Airodump-ng is included in the Aircrack-ng package, and raw 802.11 frames are used to capture the package. Airodump-ng for WEP IV collection is suitable for use with Aircrack-ng. This tool can record the coordinates of the access points discovered through a GPS receiver connected to the computer. In this article, we try to learn How to Install and run Airodump-ng on Kali Linux. You can visit the packages available in Eldernode to purchase a Linux VPS server.
Tutorial Install and run Airodump-ng on Kali Linux
Airodump-ng is a wireless packet recording tool for aircrack-ng. As mentioned, airodump-ng is using to record packages of raw 802.11 frames in order to use them using aircrack-ng. Also, if you have a GPS receiver connected to a computer, airodump-ng can record the coordinates of access points. Airodump-ng writes a text file that contains details of all access points and clients seen. In addition to the explanations given, airodump-ng writes several files that include details of all access points and clients seen. Follow us in the continuation of this tutorial.
Install and run Airodump-ng on Kali Linux
Interestingly, this program is already installed on Kali Linux but the Airodump-ng tool is located inside the aircrack-ng service. For this reason, the prerequisite for using Airodump-ng is the installation of aircrack-ng. After you have successfully installed aircrack-ng, you can use the following command to get acquainted with the features of the Airodump-ng tool.
[email protected]:~# airodump-ng --help
By executing the above command, you will see the following output. You can execute the tasks you want by executing any of the following commands in the Airodump-ng tool.
Use Airodump-ng on Kali Linux:
usage: airodump-ng <options> <interface>[,<interface>,…]
–ivs: Save only captured IVs
–gpsd: Use GPSd
–write <prefix> : Dump file prefix
-w: same as –write
–beacons: Record all beacons in dump file
–update <secs> : Display update delay in seconds
–showack: Prints ack/cts/rts statistics
-h: Hides known stations for –showack
-f <msecs> : Time in ms between hopping channels
–berlin <secs>: Time before removing the AP/client from the screen when no more packets are received (Default: 120 seconds)
-r <file> : Read packets from that file
-x <msecs> : Active Scanning Simulation
–manufacturer: Display manufacturer from IEEE OUI list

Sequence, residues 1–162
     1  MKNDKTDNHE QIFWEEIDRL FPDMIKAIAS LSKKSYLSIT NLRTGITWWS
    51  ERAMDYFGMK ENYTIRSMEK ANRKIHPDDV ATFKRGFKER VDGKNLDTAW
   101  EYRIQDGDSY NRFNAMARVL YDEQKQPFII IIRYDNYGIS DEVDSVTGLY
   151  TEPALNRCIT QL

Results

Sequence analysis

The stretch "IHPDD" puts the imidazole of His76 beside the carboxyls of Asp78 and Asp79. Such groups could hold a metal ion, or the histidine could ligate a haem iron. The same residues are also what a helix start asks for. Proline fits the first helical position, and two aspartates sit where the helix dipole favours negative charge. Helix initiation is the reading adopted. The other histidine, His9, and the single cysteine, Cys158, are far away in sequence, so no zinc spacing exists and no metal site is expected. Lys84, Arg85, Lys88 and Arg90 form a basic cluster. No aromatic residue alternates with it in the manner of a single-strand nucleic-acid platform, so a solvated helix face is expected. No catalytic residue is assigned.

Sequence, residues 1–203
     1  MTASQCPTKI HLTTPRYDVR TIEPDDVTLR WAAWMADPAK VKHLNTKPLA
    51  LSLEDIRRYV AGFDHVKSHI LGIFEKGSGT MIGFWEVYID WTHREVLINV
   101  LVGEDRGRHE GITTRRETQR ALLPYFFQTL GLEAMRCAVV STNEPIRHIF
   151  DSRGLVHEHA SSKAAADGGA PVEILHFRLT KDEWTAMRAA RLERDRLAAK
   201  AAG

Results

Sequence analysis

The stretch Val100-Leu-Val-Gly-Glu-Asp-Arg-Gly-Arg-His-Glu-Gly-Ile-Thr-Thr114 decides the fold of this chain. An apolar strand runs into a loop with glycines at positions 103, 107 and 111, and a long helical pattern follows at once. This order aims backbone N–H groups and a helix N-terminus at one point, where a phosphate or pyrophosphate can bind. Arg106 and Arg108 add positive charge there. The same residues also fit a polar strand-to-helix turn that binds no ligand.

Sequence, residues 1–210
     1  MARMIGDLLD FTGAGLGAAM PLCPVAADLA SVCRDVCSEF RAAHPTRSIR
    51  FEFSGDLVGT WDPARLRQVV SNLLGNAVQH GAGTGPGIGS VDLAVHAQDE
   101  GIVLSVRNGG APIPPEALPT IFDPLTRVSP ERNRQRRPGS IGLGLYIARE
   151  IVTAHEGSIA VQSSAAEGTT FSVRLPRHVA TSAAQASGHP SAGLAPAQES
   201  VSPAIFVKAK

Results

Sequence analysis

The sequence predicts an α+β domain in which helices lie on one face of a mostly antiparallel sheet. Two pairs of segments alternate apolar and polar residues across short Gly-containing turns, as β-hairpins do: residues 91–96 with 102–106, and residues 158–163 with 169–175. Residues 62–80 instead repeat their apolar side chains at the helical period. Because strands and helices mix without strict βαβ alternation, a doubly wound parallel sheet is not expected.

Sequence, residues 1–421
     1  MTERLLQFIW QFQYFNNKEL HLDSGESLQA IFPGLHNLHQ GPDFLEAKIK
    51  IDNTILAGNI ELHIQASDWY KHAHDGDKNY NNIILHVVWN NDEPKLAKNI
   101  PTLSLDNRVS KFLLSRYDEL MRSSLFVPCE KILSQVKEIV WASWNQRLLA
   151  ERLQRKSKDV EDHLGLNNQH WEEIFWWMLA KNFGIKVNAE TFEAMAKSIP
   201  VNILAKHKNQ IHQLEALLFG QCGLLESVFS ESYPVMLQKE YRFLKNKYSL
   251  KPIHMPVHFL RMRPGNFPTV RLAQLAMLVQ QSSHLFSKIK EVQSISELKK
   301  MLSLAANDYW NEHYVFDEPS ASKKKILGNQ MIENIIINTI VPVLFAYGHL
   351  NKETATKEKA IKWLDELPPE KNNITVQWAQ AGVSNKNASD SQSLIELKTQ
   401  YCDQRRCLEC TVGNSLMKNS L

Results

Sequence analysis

–uptime: Display AP Uptime from Beacon Timestamp
–wps: Display WPS information (if any)
<formats> : Output format. Possible values: pcap, ivs, csv, gps, kismet, netxml, logcsv
–ignore-negative-one: Removes the message that says
fixed channel <interface>: -1
<seconds> : Output file(s) write interval in seconds
–background <enable> : Override background detection.
–encrypt <suite> : Filter APs by cipher suite
–netmask <netmask> : Filter APs by mask
–bssid <bssid> : Filter APs by BSSID
–essid <essid> : Filter APs by ESSID
–essid-regex <regex> : Filter APs by ESSID using a regular expression
-a : Filter unassociated clients
By default, airodump-ng hopps on 2.4 GHz channels. So you can record it in other channels using the options below:
–ht20: Set channel to HT20 (802.11n)
–ht40- : Set channel to HT40- (802.11n)
–ht40+ : Set channel to HT40+ (802.11n)
–channel <channels> : Capture on specific channels
–band <abg> : Band on which airodump-ng should hop
-C <frequencies>: Uses these frequencies in MHz to hop
–cswitch <method> : Set channel switching method
0: FIFO (default)
1: Round Robin
2: Hop on last
-s: same as –cswitch
–help : Displays this usage screen
What are the fields displayed when running Airodump-ng?
In this section, we intend to explain the fields displayed in this section by providing an example of running airodump-ng. Look at the picture below:
The first line shows the current channel, elapsed running time, current date, and optionally if a WPA/WPA2 handshake was detected. It should also be noted that “WPA handshake: 00:14:6C:7E:40:80” indicates that a WPA/WPA2 handshake was successfully captured for the BSSID. The following is an explanation of each of these fields:
BSSID: MAC address of the access point. In the Client section, a BSSID of “(not associated)” means that the client is not associated with any AP.
PWR: Signal level reported by the card.
RXQ: Using this command, you can receive Quality as measured by the percentage of packets (management and data frames) successfully received over the last 10 seconds.
Beacons: Number of announcements packets sent by the AP.
# Data: Number of captured data packets, including data broadcast packets.
#/s: Number of data packets per second measure over the last 10 seconds.
CH: Channel number taken from beacon packets.
MB: Maximum speed supported by the AP.
ENC: Encryption algorithm in use.
CIPHER: The cipher detected.
AUTH: The authentication protocol used.
ESSID: This shows the wireless network name.
STATION: MAC address of each associated station searching for an AP to connect with.
Rate: Station’s receive rate, followed by transmitting rate.
Lost: The number of data packets lost over the last 10 seconds based on the sequence number.
Packets: The number of data packets sent by the client.
Notes: Additional information about the client, such as captured EAPOL or PMKID.
Probes: These are the networks the client is trying to connect to if it is not currently connected.
Airodump-ng is a tool for storing packages in the form of “.IVS” and “.PCAP” files to display information about wireless networks. In this article, we tried to learn How to Install and run Airodump-ng on Kali Linux. We also explained the fields available when executing Airodump-ng tool commands.